This disc contains four major contemporary works for flute
and guitar, covering a range of compositional styles. The title
track, L’espace entre nous by Noel Zahler is a modernist
piece which features an array of contemporary flute techniques
and some interesting textural variety between the two instruments.
This is fascinating and is performed with mastery and a sense
of musicality. The sounds are never allowed to become gimmicky,
and instead contribute to a constantly evolving and imaginative
soundscape. The ten minute duration went by quickly and I could
easily have heard more.
In stark contrast, the melodic opening of Nikita Koshkin’s Oratorium Lacrimae shows a different dimension of this instrumental combination, with the flute gently accompanied by a rhythmic guitar part. This feels more connected to the tradition of flute and guitar repertoire, and the dance-like Ave Maria is charming and well constructed. The Dies Irae opens with a solemn guitar melody, featuring dotted rhythms, which gradually evolves into a triumphant and cheerful dance. A slower and more contemplative coda follows, and the performers do an excellent job here of bringing out the different emotions in the music. The Offertorium has a Spanish feel, and the Tuba Mirum has the feel of a crazy, somewhat - albeit intentionally - out of control waltz. This is dazzling, and beautifully contrasted with the lyrical opening of the Credo which follows. The movement develops into an Eastern-style dance, which has much charm. The final Gloria, is the longest, and features some wonderfully executed pitch bends in the flute part, over some impressive guitar tremolos. A cheeky dance follows, and the movement builds in intensity towards its climax, with a quotation of a famous classical work bringing proceedings to a close. This is an enjoyable piece with much to offer.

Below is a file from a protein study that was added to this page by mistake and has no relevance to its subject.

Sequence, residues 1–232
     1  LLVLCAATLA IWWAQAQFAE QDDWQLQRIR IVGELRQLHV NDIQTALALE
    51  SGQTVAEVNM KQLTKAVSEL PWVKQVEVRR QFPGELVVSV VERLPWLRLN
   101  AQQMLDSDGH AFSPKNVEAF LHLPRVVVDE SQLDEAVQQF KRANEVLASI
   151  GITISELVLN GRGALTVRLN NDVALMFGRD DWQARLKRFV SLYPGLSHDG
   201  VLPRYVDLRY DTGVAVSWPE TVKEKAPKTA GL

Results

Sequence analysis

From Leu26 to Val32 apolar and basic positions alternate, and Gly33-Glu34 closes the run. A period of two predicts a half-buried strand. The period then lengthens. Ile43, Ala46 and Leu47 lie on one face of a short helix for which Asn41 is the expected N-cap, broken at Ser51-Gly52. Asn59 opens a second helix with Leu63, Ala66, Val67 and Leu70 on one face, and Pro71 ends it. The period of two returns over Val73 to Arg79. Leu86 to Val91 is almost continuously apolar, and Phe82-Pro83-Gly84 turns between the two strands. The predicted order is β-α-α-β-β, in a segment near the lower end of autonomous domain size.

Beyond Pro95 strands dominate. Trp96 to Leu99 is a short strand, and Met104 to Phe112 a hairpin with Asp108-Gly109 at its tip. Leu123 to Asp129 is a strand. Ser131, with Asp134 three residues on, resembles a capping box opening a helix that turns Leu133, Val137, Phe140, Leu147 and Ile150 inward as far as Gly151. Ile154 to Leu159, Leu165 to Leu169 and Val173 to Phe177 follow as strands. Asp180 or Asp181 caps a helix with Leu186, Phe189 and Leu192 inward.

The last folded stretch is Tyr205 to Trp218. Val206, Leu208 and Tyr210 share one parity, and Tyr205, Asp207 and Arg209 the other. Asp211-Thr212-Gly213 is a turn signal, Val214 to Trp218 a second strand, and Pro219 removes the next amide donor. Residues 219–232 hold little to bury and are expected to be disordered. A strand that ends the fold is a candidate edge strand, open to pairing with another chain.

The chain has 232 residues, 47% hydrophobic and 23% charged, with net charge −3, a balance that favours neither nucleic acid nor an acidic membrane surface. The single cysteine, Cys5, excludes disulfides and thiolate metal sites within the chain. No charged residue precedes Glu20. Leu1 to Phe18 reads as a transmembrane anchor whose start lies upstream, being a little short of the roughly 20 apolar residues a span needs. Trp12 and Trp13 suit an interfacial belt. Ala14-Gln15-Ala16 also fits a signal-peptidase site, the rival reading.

Edison Denisov’s Sonata has a haunting opening, which particularly features the flute and contains some fascinating quarter-tone based harmonies. This is an extended work in three movements, of which the first is longest. Denisov’s musical language is expressive and has some moments of spectacular beauty. Throughout, both performers demonstrate mastery of their instruments, warm tone and excellent musical communication.
Lowell Liebermann’s flute works are known for their atmospheric slow movements and technically challenging fast movements. This piece is no exception, and the two movement piece features an eight minute slow movement with twisting melodic lines and haunting harmonies, followed by a short and dazzling Allegro. The players handle the challenges with a sense of bravura, never losing control and bringing energy to the music. In this dramatic and enjoyable performance there is an excellent sense of ensemble throughout.
This is a fascinating disc with some very interesting repertoire
which will be new to many listeners. The variety contained within
it is excellent and the performances are of a high quality throughout.